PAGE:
Thursday, December 2, 2010
Biblical Preaching Summary
In his book, Haddon Robinson elaborated why we need expository preaching and clearly expounded what it is and what it is not. Many preachers need to reconsider whether they really do this kind of discipline, even if they attach this term to what they do.
In an expository task, the passage governs the sermon. The concept coming from the text is communicated by the expositor, and then applied both the preacher and the hearers. He stated the importance of forming the big idea, lest the congregation will leave the church having received a vague sermon. This said idea is composed of a subject and a complement. The subject is the complete, definite answer to the question, ‘What am I talking about?’, while the complement answers the question, ‘What exactly am I saying about what am I talking about?’. Answering these questions, the preacher will be able to give a sermon with the impact as that of a bullet.
Every sermon should have a theme carefully extracted from the scripture that the congregation may be able to shape their lives with what was preached. In choosing the passage to be preached, one has to be sensitive as well with the needs of the congregation so as to effectively minister to them. He must carefully identify the main idea in the passage he has chosen and examine it in its context, allowing the scriptures to speak for itself.
In studying the passage, one has to see how a certain passage he is examining fits within the larger section of the scriptures. Here, he mentioned the use of immediate context in the light of the broader context. One has to see how the chosen passage has been developed out of what precedes it. In pointing out the subject of the text, it is essential to use study aids such as lexicons, concordances, commentaries and the like so as to effectively know and teach its details.
In the next stage, one has to relate the parts of the passage to each other to determine the exegetical idea and its development. The synthesis-analysis-synthesis method need not be ignored for us to understand the author’s meaning. It is essential for the expositor to ask what the author of the chosen passage talks about. For him to identify the subject, he has to identify what the details in the paragraph pertain to. A precise subject illuminates the details and is illuminated by the details as well. The complement, which completes the subject thus transforming it into an idea, needs to be identified as well.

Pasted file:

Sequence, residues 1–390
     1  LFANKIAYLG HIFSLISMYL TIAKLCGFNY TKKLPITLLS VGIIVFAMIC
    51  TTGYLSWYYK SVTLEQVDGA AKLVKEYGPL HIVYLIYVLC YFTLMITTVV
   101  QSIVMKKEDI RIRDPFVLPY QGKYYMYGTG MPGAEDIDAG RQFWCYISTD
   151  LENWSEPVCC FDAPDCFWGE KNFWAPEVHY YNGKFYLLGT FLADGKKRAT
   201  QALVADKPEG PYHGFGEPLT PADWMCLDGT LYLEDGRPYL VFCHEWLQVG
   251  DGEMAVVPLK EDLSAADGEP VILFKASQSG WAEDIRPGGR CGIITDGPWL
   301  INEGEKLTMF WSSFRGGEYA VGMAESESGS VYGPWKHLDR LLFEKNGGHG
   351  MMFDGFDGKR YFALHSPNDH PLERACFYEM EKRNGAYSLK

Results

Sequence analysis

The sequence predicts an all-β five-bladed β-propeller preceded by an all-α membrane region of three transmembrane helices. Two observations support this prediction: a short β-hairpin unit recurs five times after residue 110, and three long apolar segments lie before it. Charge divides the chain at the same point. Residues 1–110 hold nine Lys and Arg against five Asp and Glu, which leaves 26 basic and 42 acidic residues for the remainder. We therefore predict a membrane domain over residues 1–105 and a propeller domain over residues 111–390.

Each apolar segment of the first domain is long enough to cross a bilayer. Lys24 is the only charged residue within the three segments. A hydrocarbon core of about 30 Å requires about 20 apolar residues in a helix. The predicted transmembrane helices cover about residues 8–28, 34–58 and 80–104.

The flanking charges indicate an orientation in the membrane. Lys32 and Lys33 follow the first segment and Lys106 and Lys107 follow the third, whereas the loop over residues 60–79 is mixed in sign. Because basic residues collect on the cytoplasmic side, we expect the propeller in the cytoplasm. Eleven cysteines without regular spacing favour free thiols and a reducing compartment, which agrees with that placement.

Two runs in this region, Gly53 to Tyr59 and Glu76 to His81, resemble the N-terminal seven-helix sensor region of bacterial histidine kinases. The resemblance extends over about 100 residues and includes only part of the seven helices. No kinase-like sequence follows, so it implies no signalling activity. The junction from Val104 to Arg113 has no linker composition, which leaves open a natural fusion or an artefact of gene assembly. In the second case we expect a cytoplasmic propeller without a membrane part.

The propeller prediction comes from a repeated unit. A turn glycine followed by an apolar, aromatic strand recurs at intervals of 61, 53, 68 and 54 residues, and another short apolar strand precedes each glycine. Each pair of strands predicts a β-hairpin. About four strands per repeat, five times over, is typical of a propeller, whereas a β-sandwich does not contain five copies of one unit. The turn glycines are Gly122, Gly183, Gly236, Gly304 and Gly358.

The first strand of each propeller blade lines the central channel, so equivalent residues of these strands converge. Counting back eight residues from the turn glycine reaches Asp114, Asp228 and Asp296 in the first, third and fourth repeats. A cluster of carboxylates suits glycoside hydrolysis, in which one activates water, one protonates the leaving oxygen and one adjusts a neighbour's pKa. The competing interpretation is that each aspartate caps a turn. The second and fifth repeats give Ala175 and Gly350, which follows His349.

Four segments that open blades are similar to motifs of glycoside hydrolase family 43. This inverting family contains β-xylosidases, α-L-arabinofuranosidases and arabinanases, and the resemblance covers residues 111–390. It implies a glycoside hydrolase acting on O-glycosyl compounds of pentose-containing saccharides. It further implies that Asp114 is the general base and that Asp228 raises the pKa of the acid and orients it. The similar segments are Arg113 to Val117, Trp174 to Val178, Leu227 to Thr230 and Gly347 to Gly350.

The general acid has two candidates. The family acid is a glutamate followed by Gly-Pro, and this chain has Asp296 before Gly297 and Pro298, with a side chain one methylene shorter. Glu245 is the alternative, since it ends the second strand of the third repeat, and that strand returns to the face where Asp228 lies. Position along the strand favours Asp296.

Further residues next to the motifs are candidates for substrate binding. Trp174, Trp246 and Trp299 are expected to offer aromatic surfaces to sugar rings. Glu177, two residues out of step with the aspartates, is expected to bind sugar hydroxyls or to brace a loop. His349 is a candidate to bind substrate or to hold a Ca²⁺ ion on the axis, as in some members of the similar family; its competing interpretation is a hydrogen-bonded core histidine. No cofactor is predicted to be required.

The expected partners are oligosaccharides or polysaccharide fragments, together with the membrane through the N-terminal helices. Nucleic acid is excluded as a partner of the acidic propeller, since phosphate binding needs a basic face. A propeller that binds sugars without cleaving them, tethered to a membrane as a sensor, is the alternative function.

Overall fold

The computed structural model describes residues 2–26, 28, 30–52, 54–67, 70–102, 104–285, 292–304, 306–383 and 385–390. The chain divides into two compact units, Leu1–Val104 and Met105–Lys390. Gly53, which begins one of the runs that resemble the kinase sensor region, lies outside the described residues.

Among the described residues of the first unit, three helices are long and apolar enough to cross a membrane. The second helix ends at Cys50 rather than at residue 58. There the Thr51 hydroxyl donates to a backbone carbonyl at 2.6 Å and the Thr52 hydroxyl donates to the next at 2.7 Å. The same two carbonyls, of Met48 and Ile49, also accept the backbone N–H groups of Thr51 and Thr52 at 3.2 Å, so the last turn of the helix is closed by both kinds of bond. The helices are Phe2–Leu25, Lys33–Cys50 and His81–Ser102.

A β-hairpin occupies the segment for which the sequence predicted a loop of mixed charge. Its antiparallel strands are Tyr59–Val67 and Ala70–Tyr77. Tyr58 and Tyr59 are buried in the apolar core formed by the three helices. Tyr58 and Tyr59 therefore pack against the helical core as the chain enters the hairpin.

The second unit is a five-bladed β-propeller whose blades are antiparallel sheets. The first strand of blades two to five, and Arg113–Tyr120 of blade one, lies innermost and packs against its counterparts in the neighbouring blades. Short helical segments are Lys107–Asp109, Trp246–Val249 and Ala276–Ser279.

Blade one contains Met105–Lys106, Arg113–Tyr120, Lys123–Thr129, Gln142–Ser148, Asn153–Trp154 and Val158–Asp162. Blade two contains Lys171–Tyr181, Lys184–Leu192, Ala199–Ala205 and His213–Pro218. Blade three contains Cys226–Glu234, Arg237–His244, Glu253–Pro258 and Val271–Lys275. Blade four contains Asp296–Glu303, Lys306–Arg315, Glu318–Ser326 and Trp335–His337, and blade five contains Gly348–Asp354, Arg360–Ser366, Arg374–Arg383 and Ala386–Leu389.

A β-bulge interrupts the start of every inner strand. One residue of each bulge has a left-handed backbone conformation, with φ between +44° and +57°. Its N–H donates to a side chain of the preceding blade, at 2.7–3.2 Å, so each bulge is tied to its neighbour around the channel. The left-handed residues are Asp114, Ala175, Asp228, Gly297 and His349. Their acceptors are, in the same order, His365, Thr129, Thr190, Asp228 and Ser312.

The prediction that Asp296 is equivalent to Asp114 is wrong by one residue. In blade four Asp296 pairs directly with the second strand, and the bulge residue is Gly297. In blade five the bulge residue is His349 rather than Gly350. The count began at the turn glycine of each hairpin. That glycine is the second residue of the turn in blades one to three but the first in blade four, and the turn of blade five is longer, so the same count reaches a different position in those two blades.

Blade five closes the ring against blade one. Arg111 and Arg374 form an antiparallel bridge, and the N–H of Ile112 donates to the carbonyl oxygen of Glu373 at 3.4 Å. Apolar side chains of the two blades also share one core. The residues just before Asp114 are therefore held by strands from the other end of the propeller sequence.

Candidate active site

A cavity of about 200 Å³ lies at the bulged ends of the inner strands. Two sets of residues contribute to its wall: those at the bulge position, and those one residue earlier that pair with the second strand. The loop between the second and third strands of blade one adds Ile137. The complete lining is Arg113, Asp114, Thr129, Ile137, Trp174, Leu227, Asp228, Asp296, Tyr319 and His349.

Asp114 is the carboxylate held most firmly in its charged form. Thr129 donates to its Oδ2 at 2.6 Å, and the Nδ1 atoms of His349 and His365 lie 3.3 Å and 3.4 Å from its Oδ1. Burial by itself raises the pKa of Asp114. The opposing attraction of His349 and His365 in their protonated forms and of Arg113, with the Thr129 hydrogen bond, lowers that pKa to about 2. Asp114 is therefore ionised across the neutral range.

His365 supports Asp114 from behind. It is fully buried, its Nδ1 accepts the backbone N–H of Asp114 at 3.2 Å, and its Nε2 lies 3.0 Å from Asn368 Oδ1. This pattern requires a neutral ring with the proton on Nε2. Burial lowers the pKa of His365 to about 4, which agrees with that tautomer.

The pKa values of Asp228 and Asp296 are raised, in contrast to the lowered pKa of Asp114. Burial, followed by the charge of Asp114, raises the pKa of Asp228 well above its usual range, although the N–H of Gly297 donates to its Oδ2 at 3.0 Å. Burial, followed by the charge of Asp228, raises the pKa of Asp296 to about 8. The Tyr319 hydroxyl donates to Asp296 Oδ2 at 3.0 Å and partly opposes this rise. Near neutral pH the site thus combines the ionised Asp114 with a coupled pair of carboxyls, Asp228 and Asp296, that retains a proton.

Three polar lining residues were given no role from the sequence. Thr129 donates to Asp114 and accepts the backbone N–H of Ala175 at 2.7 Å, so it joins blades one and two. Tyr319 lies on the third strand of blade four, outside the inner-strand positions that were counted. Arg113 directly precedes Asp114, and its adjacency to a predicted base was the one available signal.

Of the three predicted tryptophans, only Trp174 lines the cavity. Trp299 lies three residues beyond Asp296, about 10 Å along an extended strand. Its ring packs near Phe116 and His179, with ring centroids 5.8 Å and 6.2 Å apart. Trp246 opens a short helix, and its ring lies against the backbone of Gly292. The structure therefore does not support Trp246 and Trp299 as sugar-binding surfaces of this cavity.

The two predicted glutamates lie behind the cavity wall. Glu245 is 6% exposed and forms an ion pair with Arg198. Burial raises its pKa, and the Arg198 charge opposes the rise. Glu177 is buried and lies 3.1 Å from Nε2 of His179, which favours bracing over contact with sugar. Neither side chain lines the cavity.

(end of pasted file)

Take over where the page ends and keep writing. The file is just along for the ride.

The next stage has to do with analyzing the exegetical idea of the passage. With this, we come up with three developmental questions which have to do with its definition, truthfulness and relevance.
The first question (what does it mean?), pertains to the explanations needed, the second (is it true?) centers on its validity and the third one (what difference does it make?) on the application. Upon answering such questions one is fit to formulate the homiletical idea. For a certain truth to be applied to the congregation’s personal lives, the preacher must state it as simple and memorable as possible. Stating the purpose of the sermon prompts them towards moral action.
The preacher must adopt ways for him to accomplish the stated purpose of his sermon. He can either use the deductive, semi-inductive and inductive statements as he develops his sermon. On the deductive approach, the idea becomes part of the introduction as the body explains, proves and applies it. In the inductive approach, it is the introduction which presents the first point in the sermon. It is then followed with the next point, which is exactly interwoven with its previous and following points by transition ideas. In the semi-inductive arrangement, the subject in the introduction is presented and the major points complete the subject.
Upon deciding how the idea must develop, one has to outline the sermon and fill it with supporting materials that explain, prove, apply and amplify the points. One can choose repetitions, restatements, explanations, definitions, factual information, quotations, narrations, illustrations in filing the said structure.
The introduction and conclusion of the sermon must then be prepared upon completing the above steps. For the introduction to be effective, it must command attention, uncover needs and introduce the body of the sermon. A sermon may end with a summary, illustration, quotation, question, prayer, specific directions or visualizations.
Lastly, for the whole sermon to be effective, clarity, vividness and relevance must be present. Still, the way we deliver the sermon matters a lot for it to be successful. Nonverbal factors such as grooming, dress, movement, gestures and eye contact must be taken into consideration.